PITTSBURGH - A popular resolution in the new year involves reducing credit card debt and a new study from researchers at the University of Pittsburgh might help more people do that. Channel 11 sat down with University of Pittsburgh associate marketing professor Cait Lamberton, who acknowledges that working on reducing credit card debt can be difficult.
"Paying back credit card debt is not in any way rewarding," Lamberton said. "It's really depressing. Because the minute you write the check you don't get anything for it. You are just sending money after a bill."
The new Pitt study found that paying off specific purchases each month could lead to less debt.
"Instead of saying, 'I'm just sending in $50,' (say) 'I'm paying for the shoes I bought last month," Lamberton said "Then you reconnect the object they bought with the payment they are making."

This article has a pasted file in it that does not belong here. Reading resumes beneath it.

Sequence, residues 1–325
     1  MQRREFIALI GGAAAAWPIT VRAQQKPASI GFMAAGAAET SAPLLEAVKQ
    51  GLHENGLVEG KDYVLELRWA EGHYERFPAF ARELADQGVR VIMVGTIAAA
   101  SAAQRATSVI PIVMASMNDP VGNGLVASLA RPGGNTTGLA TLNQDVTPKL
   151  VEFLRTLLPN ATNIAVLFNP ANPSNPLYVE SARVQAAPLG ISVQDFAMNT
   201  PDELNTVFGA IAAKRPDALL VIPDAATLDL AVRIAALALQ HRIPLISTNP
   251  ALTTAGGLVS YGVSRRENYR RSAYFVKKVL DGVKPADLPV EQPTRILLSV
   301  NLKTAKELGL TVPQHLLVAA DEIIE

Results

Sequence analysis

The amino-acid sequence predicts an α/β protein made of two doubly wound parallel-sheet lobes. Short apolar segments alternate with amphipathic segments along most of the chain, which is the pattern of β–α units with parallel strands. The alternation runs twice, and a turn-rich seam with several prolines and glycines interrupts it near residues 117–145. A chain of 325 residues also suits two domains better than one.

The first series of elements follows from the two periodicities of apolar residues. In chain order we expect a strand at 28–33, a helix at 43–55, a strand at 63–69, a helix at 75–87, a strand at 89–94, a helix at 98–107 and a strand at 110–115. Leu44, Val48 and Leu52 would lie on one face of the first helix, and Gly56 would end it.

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She suggested setting goals like paying for all your Starbucks purchases on the bill, rather than getting caught in the cycle of paying the monthly minimum. Lamberton compared it to going on a diet.
"If you start counting calories, you are more likely to maybe decide you are going to have the salad instead of the hamburger," she started. "With money, it’s the same thing. Once you start paying attention to what you spend, you tend to change a little bit."
Lamberton said watching your bill this way could also lead to the realization that some things you bought, weren't really worth it.
"Honestly, if you find that your entire bill is unsatisfying, then you probably should adjust your spending," Lamberton said. "You're incurring debt for things that don't mean anything to you three weeks later."
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